WHAT YOU NEED TO KNOW:
- Organic strawberries branded as FreshKampo and HEB, purchased between March 5 and April 25, have been potentially linked to a Hepatitis A outbreak.
- Investigations of hepatitis cases in California, Minnesota, and Canada showed reports of strawberry purchases.
- The FDA is urging consumers to throw away strawberries if they are unsure of the brand, origin, and date of purchase.
Fresh organic strawberries have been linked to a Hepatitis A outbreak in the United States and Canada.
The US Food and Drug Administration (FDA) is investigating the link, together with the US Centers for Disease Control and Prevention (CDC), the Canadian Food Inspection Agency, the Public Health Agency of Canada, and state and local partners.
There have been 17 hepatitis cases in California, Minnesota, and North Dakota, which led to 12 hospitalizations. Traceback investigations revealed that cases in California, Minnesota, and Canada were linked to strawberry purchases.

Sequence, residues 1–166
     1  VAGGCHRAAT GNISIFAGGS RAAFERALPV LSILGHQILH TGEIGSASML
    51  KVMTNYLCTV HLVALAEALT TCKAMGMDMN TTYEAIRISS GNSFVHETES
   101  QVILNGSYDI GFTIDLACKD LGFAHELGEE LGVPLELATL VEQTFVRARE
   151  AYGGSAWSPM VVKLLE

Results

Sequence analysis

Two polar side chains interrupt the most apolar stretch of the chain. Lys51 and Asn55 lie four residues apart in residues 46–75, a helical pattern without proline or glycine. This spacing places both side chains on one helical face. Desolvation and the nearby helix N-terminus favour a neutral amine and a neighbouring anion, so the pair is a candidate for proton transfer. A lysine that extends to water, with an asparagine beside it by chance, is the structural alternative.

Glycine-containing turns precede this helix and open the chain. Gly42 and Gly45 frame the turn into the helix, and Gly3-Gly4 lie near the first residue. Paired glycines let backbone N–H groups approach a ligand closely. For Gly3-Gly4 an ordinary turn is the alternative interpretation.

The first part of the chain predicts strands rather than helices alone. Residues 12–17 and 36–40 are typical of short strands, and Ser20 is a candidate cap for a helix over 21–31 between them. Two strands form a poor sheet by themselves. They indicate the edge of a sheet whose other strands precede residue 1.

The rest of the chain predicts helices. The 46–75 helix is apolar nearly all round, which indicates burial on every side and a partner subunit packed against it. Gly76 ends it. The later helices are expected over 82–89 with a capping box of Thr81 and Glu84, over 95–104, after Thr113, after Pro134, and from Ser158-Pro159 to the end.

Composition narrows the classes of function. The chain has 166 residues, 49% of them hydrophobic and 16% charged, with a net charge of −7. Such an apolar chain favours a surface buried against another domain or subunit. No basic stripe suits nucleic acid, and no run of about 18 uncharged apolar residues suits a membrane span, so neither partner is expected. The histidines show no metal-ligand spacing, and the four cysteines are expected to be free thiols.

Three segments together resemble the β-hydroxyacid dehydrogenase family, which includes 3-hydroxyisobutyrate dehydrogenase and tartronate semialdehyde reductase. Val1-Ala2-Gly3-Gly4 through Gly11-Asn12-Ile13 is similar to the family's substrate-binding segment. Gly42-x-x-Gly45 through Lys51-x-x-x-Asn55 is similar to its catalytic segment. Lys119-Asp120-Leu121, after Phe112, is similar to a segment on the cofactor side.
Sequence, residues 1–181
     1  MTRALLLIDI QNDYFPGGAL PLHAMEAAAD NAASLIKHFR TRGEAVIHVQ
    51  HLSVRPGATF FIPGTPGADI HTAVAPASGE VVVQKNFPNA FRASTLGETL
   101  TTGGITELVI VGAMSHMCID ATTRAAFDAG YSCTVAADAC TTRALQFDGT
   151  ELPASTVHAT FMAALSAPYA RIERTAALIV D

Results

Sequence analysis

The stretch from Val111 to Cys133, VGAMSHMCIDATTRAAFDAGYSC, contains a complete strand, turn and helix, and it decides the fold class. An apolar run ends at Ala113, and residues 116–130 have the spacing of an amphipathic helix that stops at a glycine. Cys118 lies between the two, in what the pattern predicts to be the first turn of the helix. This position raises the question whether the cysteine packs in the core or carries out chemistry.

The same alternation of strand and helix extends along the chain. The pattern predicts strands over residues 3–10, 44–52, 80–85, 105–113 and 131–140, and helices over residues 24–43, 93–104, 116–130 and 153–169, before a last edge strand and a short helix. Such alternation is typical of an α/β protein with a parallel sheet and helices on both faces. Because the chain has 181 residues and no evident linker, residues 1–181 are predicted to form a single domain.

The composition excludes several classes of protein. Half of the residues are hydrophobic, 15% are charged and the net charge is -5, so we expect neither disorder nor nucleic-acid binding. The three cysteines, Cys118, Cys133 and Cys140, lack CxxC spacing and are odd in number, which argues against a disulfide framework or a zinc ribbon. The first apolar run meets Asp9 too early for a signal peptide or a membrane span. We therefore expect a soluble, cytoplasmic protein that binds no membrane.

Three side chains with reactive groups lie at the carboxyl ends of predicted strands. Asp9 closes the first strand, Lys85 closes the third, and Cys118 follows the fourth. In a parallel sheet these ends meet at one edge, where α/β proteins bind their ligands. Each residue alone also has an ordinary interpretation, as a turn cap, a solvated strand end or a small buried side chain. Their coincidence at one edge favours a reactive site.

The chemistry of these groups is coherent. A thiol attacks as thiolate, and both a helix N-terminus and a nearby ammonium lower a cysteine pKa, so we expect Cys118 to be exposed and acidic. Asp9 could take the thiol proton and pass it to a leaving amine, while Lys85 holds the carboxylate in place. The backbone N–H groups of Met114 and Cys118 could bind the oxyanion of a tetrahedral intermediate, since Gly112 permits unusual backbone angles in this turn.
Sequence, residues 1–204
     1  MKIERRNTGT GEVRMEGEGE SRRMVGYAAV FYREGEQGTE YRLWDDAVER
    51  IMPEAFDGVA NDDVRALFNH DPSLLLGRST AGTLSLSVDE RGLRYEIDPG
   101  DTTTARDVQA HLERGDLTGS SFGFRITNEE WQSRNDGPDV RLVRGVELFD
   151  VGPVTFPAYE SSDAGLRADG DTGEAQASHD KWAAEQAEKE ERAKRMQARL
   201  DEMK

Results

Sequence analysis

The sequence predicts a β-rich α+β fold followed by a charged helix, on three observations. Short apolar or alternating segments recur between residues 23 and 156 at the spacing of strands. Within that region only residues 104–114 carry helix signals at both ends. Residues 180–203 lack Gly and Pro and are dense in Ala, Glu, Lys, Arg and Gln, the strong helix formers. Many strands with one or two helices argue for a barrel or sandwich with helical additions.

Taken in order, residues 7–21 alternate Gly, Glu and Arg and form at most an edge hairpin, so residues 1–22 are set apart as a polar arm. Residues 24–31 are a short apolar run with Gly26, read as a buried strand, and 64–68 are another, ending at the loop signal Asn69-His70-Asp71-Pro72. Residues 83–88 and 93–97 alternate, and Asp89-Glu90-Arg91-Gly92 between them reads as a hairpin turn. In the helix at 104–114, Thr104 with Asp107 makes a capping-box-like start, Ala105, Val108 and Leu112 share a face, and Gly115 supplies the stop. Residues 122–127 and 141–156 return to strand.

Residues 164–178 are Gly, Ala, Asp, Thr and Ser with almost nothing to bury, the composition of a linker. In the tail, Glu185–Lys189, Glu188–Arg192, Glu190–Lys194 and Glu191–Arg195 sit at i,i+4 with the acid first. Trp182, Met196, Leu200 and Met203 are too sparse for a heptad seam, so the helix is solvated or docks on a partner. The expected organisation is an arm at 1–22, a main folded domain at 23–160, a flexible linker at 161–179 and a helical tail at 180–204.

The strawberries, branded as FreshKampo and HEB, were purchased between March 5 and April 25. Illnesses were reported between March 28 and April 30.
The strawberries were distributed nationwide and sold at several retailers, including Aldi, HEB, Kroger, Safeway, Sprouts Farmers Market, Trader Joe’s, Walmart, Weis Markets, and WinCo Foods.
FDA said that the potentially affected strawberries are now past their shelf life, but some consumers may have frozen them for later use.
The agency urged consumers to throw away purchased strawberries if they are unsure of their brand, origin, and date of purchase prior to freezing them.
The agency also urged anyone who purchased and consumed strawberries in the last two weeks without a vaccination against Hepatitis A to seek medical care to determine whether they would need post-exposure prophylaxis. Anyone who reports symptoms after consuming strawberries should also seek medical care.
The CDC listed the following symptoms: yellow skin or eyes, lack of appetite, stomach pain, an upset stomach, vomiting, diarrhea, dark urine or light-colored stools, fever, fatigue, and joint pain. Symptoms usually appear about two to seven weeks after infection. Not everyone has symptoms, which typically last less than two months but can last as long as six months.
Adults are more likely to exhibit symptoms of infection compared with children.
Source: CBS News